Stu Bykofsky weighs in on the inevitable implications of, in his words, "when terrorists look like us."
JIHADJANE has a message for racial-profiling fans: Nyah, nyah, nyah, nyah, nyah.
JihadJane blew up the notion - never really widely held - that being a blue-eyed blonde should slide you through airport security like grease through a goose while everyone with a Middle Eastern name, a swarthy complexion or a turban should be strip-searched by Transportation Security Administration screeners.
Well, he certainly has a point about racial and ethnic profiling -- it will be interesting, if I get a chance, to hear Smercomish's take on this. But I think the broader point here is that Colleen LaRose was a woman with a world of problems before she discovered al-Qaeda. In all honesty I think it makes more sense to view her as Act III after the Austin IRS attack and the Pentagon shooting -- people who were deranged or narcissistic or both and who turned their demons toward something political. And I think that is a commentary on our times:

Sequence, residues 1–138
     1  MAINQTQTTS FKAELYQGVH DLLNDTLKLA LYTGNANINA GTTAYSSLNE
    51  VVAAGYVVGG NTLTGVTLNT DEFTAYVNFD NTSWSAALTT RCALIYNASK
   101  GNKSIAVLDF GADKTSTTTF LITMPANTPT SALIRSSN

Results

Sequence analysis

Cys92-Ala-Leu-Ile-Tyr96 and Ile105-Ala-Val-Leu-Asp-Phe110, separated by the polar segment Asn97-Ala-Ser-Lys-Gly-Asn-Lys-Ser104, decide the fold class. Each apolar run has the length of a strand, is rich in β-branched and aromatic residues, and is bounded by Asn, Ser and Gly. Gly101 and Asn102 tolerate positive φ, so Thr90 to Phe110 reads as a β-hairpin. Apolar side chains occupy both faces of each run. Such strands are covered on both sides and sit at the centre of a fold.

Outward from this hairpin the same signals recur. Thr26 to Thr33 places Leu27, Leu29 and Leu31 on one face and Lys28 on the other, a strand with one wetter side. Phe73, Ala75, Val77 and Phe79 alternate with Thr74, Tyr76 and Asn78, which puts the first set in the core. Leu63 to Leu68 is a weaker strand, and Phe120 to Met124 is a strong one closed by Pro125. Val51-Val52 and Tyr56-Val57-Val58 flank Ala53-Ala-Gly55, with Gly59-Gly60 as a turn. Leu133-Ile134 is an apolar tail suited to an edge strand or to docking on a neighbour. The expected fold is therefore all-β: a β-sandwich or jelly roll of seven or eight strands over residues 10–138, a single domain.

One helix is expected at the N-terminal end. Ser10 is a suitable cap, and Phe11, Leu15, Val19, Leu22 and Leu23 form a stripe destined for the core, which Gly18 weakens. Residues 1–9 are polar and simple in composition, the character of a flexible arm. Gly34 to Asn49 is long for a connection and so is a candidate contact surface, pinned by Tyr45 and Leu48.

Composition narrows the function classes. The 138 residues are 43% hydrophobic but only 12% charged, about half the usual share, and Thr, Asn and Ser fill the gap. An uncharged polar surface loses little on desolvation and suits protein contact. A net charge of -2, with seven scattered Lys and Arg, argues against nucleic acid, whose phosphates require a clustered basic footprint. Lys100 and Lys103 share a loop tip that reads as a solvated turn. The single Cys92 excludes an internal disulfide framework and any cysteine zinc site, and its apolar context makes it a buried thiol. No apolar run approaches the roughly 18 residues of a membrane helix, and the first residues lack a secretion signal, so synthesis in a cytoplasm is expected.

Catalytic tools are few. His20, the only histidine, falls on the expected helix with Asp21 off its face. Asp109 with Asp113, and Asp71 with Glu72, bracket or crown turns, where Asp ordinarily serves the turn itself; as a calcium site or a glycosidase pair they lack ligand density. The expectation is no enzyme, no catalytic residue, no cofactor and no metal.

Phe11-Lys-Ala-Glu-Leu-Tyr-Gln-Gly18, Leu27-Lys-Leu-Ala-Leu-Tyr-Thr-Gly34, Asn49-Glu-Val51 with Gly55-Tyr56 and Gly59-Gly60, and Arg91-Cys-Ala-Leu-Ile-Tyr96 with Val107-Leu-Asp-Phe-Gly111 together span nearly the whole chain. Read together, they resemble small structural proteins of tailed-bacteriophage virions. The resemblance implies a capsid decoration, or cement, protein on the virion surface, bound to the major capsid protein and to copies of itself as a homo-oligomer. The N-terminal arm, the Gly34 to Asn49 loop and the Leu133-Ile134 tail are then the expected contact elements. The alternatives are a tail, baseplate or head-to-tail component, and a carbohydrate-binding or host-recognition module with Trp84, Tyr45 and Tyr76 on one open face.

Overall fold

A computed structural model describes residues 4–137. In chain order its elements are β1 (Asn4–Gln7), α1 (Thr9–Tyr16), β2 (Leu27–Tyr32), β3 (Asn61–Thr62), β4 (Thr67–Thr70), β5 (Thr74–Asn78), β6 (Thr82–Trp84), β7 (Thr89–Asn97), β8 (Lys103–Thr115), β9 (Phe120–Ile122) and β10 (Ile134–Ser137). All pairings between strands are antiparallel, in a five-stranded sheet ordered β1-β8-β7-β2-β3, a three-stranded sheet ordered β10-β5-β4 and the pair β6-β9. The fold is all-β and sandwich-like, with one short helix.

For too long in America we've had people committing random acts of violence -- usually toward their own family, unfortunately, and occasionally at crowded places like a McDonald's; in 2010, the focus is anti-government and anti-Americanism -- that's partly a reflection on the deep anxiety in U.S. society right now and partly because of the hypercharged media atmosphere (and yes, I mean on all sides) that we live in today. The Internet, in particular, enabled all three of these people -- to obsess on conspiracy theories or to post a death rant where millions could read it or, now, for a blonde, blue-eyed and deeply troubled woman from the Philadelphia exurbs to hook up with al-Qaeda. And if you believe in free speech and unfettered Internet access, as most of us do, there's no easy solution for that.